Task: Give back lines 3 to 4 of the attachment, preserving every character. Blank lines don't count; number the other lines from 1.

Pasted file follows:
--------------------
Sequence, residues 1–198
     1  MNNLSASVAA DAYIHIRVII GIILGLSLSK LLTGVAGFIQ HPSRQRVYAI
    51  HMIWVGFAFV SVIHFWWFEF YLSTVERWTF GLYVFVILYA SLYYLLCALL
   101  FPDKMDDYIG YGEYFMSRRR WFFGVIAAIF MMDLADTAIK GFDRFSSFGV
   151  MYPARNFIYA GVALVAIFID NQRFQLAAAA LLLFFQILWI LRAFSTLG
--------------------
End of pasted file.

    51  HMIWVGFAFV SVIHFWWFEF YLSTVERWTF GLYVFVILYA SLYYLLCALL
   101  FPDKMDDYIG YGEYFMSRRR WFFGVIAAIF MMDLADTAIK GFDRFSSFGV